RPG Superstar 2015: What the heck is a map, anyway

Published on 2015-01-18 by Garrett

UPDATE: The Round 2 entries are public! Go view them and vote!

Designer and host Owen K.C. Stephens provided some hella vague hints about the next round of this year's RPG Superstar: maps!

Namely, some key points about the submissions included:

... a full-page map, of a previously unmapped fantasy-themed location in Golarion ...

... having enough information for a cartographer to be able to create a publishable map from your entry ...

... No one needs a map of a 20-foot by 20-foot room with a door centered in the north and west walls, or of a forest that's six miles long and three miles deep with a single road and one town in the middle ...

... it must be something that could be used by a GM to run a game set in the mapped location, and it must have all the information a cartographer needs to make the final map ...

That doesn't narrow anything down much. No scope limits except that it be on Golarion and fits on a letter-sized piece of paper, which isn't much of a content limit considering a map of the entire passage of souls from creation to death and encompassing all of space and time fits on a letter-sized piece of paper, much less Golarion's entire solar system, much less all of Golarion.

So let's look at equivalent examples in actual Paizo products of "full-page maps" of "fantasy-themed locations in Golarion" that "have enough information for a cartographer to be able to create a publishable map," encompassing any scale as long as it "could be used by a GM to run a game set in the mapped location", with the caveats that:

To keep references simple, I'll link to maps already released under the Community Use Policy and uploaded to PathfinderWiki so they're easy to view.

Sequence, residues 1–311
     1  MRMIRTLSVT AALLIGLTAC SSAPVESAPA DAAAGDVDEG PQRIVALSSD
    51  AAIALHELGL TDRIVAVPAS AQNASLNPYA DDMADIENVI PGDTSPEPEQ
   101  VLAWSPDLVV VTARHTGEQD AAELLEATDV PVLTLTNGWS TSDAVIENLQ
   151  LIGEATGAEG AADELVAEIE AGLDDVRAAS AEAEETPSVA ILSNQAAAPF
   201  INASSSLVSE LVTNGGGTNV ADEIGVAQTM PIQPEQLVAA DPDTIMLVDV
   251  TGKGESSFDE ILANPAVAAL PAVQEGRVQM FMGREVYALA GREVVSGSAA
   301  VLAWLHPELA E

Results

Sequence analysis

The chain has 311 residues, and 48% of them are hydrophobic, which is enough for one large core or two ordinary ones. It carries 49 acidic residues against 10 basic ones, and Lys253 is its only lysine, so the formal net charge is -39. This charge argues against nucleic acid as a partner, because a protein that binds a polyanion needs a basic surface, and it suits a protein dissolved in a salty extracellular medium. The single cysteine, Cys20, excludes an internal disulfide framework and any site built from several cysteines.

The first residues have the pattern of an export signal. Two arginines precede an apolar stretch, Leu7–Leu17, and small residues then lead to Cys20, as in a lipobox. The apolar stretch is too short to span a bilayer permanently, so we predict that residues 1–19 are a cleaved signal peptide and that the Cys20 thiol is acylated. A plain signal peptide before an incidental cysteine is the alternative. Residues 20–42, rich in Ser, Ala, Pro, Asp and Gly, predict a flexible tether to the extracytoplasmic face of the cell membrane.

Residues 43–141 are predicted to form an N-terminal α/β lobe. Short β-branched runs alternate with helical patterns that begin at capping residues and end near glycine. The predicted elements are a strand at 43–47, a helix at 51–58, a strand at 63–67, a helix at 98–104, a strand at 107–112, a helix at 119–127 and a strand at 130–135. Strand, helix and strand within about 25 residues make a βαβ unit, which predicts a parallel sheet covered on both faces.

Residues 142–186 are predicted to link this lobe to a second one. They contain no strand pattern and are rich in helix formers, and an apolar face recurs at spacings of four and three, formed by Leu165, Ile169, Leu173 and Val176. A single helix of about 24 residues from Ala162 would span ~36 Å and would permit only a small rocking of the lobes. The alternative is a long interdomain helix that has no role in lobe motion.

Places that could technically fit this definition include:

A good map, like Tim's, tells us immediately everything we need to know about the location. I don't have to redraw his map and I don't have to send a novel with the map order that includes tags and descriptions for every room so the cartographer can get the map right. Were we to send our cartographers the bad map example from above, without also sending along the entire article that goes with it, we'd get back a nicely drawn, full-color drawing of 5 box shapes, a circle, and a few smudges. Our cartographers are awesome, but their base for quality is only as good as the hand-drawn map they receive. A cartographer should be able to open the author's map and immediately get to work turning a good map into a great map rather than reading a wall of text and then turning a terrible map into a mediocre map.

Is this novel enough? If enough of the Top 32 submit colored, textured, pretty, evocative maps that aren't more imaginative or as turnaround-friendly but capture voters' imaginations, would they bump this designer out of the Top 16?

In other words, clean maps like these are freelance bread-and-butter, but can they be Superstar enough?